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Why Go to the Optician?

By: Geoff Davis - Updated: 10 Mar 2013 | comments*Discuss
Optician Optometrist Sight Test Testing

At times you've probably wondered what it must be like to be blind or partially sighted, and it's a scary thought. Your eyes are the vital instruments that supply your brain with the information that's needed to control your responses, to absorb information and to make judgements and decisions based on what you see. Even if you don't wear glasses, having your eyes examined regularly by a qualified optician will ensure that any abnormalities that might eventually have a serious effect on your vision are detected. Early treatment of diseases such as glaucoma has the greatest chance of success.

Do You Need Glasses?

Many people seem to muddle along in the (occasionally justifiable) belief that their eyesight is fine. For example, although you may be able to read a licence plate at the prescribed distance, you should be safe enough on the roads (sight-wise, anyway) but you could possibly still benefit from a minor correction. There are four common conditions under which you may need corrective glasses:
  • Long sightedness (hypermetropia). You can focus on distant objects more easily than on close objects.
  • Short sightedness (myopia). Unsurprisingly, this is the opposite of long sightedness, enabling you to focus more easily on near objects.
  • Astigmatism. This is a condition, often present in addition to long- and short-sightedness, in which your eyeball is shaped more like a rugby-ball (toroidal) than a perfect sphere. A correcting lens will be more powerful in one direction, than in the direction that is perpendicular to it.
  • Presbyopia. The ageing process reduces the eye's ability to "accommodate" for focussing on near objects. Even if you have perfect distance vision you are likely to need glasses for reading by the time you are 50.
If you are aged between 16 and 45, there's a good chance that you won't need glasses, or at least you won't have to wear them all the time. Nevertheless, you should have a sight test every couple of years to make sure that your eyes stay healthy.

About Your Optician

Sight-testing (ophthalmic) opticians are known nowadays as optometrists. Your optometrist is usually educated to degree level. In addition to testing your sight and prescribing glasses if necessary, he or she has can recognise abnormalities in the eye. Certain groups that need particular attention are:
  • Children under 16
  • Over 60s
  • Diabetics
  • Close relatives of glaucoma sufferers
This is reflected by the NHS provision for free sight tests for people in these groups.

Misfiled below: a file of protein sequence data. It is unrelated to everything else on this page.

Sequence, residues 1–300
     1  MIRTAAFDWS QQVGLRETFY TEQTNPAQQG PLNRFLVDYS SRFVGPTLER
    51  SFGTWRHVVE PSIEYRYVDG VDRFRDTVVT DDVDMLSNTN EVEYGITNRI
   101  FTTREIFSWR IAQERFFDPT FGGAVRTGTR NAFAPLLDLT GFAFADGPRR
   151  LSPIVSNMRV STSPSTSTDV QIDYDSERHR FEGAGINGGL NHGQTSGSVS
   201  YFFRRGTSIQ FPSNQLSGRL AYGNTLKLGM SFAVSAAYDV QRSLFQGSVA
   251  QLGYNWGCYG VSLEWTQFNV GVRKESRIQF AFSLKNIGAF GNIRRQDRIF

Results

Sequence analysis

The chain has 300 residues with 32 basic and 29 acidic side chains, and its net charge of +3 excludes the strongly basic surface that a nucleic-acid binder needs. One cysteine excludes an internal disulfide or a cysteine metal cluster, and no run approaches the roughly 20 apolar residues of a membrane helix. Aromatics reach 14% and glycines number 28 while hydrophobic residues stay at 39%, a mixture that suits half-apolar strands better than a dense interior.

If you are prescribed glasses it's possible that you will be seen by a qualified dispensing optician, although today it's more likely to be a 'dispenser' who has adequate training for straightforward prescriptions. Certain groups though, such as children under 16 and people that need safety glasses remain in the domain of the dispensing optician.

The Technology and Skills Used in Your Eye Test

Modern technologies allow vital diagnostic tests to be carried out, such as measuring the pressure inside your eye, determining the extent of your field of vision, photographing the inside of your eye and even quite accurately estimating your likely spectacle prescription! Having data such as these, the optometrist can detect conditions such as:
  • Glaucoma - increased pressure inside the eye
  • Retinopathy - a degenerative condition of the retina
  • Macular Degeneration - usually an age-related disease that leads to the loss of central vision
  • Cataracts - aging of the lens in your eye which causes "misting” and gradually, opacity
  • Colour blindness

If Your Optometrist Finds a Problem

Optometrists don't usually treat pathological conditions. For these you need specialist treatment. In the first place you may have been referred to the optometrist by your doctor. Depending on the findings, the optometrist may write to your doctor or refer you to the hospital eye department for further investigation and treatment. In most cases, diagnosis of problems at an early stage greatly enhances your chance of successful treatment which, if not forthcoming could ultimately result in blindness or serious visual impairment.

Don't Delay Your Sight Test

The next time you reach for a pair of "Ready Readers" (which, incidentally, are never correct for astigmatism) costing just a couple of pounds from the corner shop, ask yourself a few questions, including:
  • When, if ever, was my last professional eye examination?
  • Can I honestly meet the required visual standards for driving?
  • Do I have any relatives that suffer from glaucoma?
  • Have I made sure that my children get regular eye examinations?
Remind yourself that your Ready Readers don't come with a sight test and remember, an early diagnosis could save your sight, and perhaps your life (or even someone else's)! That's the importance of going to an optician.

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